The National Carpetball Association exists to support, promote, and encourage carpetball as a sport. As such we offer free carpetball table designs.
The most difficult part of the carpetball table is finding space for it. That is why our table design folds for storage in an 18"x24" rectangle.
The National Carpetball Association has been using this design for years they seem quite safe, but both carpentry and high speed resin balls are inherently dangerous, build and play at your own risk.
The play surface is a 2'x5.5' piece of 1/2" OSB. Lay out 2"x4"x2' cross supports. Add the carpet for the play surface and trim to fit. After trimming place the 1"x6"x6' and 1"x6"x2' side pieces. next add a 2'x7" piece of OSB to the bottom of the scoring tray.
At the point that the two halves meet, either use 2 4"x4"s or else 2"x4"s placed vertically. Attach the two halves with hinges.
The legs can be purchased from a hardware store or built from 2"x2"s. I found the bought legs for $15 a pair and they seem worth it to me.
When the table folds up you don't want the balls to fall out so you will want to build some ball keepers.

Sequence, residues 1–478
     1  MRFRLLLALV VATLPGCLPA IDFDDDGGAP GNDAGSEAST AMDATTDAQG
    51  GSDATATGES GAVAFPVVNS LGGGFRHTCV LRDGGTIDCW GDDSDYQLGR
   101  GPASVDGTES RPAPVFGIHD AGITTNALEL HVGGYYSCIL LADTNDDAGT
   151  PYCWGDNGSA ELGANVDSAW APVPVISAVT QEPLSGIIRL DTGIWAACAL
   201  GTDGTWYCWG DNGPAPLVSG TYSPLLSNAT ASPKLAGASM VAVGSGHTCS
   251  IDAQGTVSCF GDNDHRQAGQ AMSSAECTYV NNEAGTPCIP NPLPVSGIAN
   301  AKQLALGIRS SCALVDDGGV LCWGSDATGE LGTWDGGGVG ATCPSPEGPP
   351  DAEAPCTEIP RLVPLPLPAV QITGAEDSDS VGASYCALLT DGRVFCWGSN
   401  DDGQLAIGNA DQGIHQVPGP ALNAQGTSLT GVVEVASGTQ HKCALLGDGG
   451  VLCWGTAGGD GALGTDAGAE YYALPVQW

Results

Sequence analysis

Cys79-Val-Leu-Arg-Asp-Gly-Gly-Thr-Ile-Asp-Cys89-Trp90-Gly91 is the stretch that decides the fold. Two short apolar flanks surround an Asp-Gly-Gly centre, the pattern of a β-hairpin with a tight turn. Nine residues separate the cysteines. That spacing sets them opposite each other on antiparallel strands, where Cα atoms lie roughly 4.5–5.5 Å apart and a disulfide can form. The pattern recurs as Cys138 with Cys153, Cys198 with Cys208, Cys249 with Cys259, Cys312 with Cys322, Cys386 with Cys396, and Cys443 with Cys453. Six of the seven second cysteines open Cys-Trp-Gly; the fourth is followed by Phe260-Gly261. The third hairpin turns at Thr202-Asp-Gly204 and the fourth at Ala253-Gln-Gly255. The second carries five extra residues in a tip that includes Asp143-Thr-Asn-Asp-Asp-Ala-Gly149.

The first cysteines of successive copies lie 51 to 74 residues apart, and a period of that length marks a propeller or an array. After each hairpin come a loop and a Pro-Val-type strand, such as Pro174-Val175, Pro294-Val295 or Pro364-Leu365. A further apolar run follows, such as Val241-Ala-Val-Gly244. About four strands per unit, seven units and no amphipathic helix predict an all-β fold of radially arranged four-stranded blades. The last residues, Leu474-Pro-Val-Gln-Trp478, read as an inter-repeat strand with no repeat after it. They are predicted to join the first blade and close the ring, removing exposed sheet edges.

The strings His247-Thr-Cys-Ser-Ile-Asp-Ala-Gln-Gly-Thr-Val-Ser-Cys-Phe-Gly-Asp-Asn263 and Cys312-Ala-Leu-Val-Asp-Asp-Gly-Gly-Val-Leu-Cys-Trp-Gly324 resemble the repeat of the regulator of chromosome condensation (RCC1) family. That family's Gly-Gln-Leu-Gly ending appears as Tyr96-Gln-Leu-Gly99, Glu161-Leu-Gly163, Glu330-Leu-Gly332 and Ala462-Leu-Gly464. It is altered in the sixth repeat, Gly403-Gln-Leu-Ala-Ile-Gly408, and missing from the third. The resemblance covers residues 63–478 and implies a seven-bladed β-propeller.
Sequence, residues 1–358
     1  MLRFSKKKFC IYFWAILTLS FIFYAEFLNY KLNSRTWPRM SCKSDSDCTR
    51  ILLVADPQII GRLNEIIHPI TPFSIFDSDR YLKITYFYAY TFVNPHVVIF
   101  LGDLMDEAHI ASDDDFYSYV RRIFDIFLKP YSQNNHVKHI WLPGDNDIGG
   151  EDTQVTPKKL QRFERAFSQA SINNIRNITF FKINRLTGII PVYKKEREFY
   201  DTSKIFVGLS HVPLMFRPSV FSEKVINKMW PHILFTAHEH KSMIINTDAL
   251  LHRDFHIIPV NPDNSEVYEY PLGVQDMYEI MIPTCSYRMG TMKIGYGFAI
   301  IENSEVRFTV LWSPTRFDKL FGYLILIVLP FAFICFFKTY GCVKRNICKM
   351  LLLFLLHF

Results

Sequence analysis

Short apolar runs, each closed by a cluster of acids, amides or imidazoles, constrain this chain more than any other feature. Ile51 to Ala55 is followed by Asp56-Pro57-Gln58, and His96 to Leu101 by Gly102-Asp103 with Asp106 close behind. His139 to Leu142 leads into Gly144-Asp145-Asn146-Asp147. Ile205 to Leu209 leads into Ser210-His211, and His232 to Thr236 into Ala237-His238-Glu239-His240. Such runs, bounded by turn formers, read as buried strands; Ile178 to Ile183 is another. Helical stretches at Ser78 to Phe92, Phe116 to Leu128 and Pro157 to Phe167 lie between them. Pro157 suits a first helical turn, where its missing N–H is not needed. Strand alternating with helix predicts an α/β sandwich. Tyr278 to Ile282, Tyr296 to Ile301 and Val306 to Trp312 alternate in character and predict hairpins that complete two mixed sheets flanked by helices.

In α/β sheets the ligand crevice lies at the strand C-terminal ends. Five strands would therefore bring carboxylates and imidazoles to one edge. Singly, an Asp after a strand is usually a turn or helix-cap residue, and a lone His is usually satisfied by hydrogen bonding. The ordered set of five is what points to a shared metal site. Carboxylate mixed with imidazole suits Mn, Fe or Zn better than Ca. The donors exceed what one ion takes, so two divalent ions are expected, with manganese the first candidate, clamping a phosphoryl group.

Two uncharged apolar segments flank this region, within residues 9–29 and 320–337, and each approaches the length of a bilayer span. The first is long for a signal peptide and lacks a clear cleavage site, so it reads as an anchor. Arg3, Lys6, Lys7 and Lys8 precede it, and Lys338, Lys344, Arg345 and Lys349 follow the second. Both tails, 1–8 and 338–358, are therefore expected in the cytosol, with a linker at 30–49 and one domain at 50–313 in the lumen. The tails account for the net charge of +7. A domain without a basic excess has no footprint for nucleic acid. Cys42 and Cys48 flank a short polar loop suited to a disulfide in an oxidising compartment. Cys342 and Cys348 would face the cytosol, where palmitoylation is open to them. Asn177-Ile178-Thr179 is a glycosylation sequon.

A large latch should be placed to hold the end of the table, with the casters, together. Place the latch on the same side of the table as the latches for the ball keepers. (That way you can lay the table down on the other side when you fold it up).
Finally, you should attach the casters.
There are many variations for construction of your table. While the National Carpet Ball Association encourages the use of the official 2'x12' or 3'x15' dimensions, we are hardly fanatical about it.
Some people have added plexi glass over the center portion of the table, wooden slats, or built high walls to try to keep the balls from jumping out of the table. We find that these are largely ineffective (balls tend to jump off the end of the table, not the center). Additionally, following the rule: if you knock a ball of the table you forfeit, keeps the balls on the table.
Outdoor tables should use pressure treated wood or outdoor paint.
Two tables are better than one.
Thicker carpet makes for better game play.
© 2010 NCA